(Ping! Zine) – A recent Chadwick Martin Bailey (CMB) Tech Pulse study found that there is less confusion around the term “cloud computing” and adoption plans have increased over the last 12 months. In early 2009 a similar CMB Tech Pulse study found only 15% said their organization had aggressive plans to migrate towards cloud computing architectures. Fast forward to Fall 2010: that number has nearly doubled to 28%. This most recent CMB Tech Pulse study of nearly 250 IT departments also found these organizations expect to more than double the workload running on cloud architecture within the next two years.
”In 2008 and 2009 we saw a big disconnect between industry and trade press hype about cloud computing vs. purchase plans from actual IT departments who write the checks for these solutions,” says Chris Neal, vice president of Chadwick Martin Bailey’s technology and telecom practice. “We’re now seeing that all the industry marketing dollars spent on promoting cloud computing have started to actually move the needle.”
While this research revealed aggressive deployment plans, IT departments still favor internal cloud solutions for most workloads rather than externally-provisioned cloud solutions. A big reason for this is lingering concerns about security, which is still by far the biggest concern plaguing the adoption of could computing. When asked what vendors need to do to make cloud computing solutions more appealing the top request was security, followed by more simplified (and lower) pricing models, plus greater reliability assurances (see chart).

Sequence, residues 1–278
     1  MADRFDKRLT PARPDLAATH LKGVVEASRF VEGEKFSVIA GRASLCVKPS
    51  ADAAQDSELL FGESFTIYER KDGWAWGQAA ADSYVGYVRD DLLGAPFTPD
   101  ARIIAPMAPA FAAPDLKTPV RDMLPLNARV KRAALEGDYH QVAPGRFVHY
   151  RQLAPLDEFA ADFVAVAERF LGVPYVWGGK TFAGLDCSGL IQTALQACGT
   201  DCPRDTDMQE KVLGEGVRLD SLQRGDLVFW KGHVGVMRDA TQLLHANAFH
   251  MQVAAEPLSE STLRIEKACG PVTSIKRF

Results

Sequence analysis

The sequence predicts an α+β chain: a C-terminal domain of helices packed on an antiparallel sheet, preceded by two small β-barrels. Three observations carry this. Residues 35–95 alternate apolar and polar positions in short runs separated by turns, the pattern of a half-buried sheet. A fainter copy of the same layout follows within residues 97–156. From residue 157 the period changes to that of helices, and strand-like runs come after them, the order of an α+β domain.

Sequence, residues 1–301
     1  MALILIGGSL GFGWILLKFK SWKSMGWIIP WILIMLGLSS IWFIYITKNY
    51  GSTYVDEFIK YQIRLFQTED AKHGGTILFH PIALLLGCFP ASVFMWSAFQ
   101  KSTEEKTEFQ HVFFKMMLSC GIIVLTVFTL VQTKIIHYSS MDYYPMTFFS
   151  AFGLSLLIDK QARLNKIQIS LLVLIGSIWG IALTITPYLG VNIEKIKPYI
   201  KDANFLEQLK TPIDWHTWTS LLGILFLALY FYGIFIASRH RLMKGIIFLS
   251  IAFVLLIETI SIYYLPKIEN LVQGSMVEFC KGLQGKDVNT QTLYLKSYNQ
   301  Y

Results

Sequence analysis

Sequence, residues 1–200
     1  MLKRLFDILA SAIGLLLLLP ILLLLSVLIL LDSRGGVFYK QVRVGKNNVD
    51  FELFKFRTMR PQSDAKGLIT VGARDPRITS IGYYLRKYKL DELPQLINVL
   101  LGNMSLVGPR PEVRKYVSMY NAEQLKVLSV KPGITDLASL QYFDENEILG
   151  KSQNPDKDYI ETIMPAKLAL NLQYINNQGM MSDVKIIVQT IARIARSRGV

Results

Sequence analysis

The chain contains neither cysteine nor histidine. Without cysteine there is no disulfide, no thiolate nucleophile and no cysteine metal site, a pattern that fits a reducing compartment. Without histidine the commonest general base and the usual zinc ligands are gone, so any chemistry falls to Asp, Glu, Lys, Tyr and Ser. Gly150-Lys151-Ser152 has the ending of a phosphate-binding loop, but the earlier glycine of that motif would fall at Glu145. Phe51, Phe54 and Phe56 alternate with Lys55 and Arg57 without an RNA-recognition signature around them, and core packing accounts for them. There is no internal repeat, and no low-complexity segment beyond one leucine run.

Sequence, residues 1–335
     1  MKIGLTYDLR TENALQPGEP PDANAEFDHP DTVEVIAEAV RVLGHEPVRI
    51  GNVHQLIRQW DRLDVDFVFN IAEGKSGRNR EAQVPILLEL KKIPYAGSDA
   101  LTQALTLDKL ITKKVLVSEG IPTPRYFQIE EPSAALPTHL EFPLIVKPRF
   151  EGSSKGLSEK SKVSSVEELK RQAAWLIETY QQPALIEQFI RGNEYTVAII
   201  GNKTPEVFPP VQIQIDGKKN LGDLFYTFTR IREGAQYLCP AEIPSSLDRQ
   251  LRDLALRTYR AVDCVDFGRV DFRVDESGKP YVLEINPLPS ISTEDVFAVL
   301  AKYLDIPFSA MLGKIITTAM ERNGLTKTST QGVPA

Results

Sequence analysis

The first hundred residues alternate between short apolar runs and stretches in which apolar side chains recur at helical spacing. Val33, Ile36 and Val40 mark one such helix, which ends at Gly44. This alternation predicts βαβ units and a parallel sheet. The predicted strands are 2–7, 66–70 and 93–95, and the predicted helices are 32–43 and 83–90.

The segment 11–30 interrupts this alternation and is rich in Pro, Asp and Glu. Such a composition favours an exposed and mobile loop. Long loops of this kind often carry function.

The study also found that most (54%) IT departments think their current channel partners need additional training to support their transition to cloud based architectures, and 12% feel their current channel partners are not at all prepared to help with their organization’s transition to cloud computing.
About this research
This study of 247 US IT professionals was conducted in August of 2010 as part of the CMB B2B Tech Pulse series. The Tech Pulse is a self-funded quarterly study that covers a variety of current topics and issues facing IT decision makers. Additional findings can be downloaded: Cloud Computing in the Enterprise.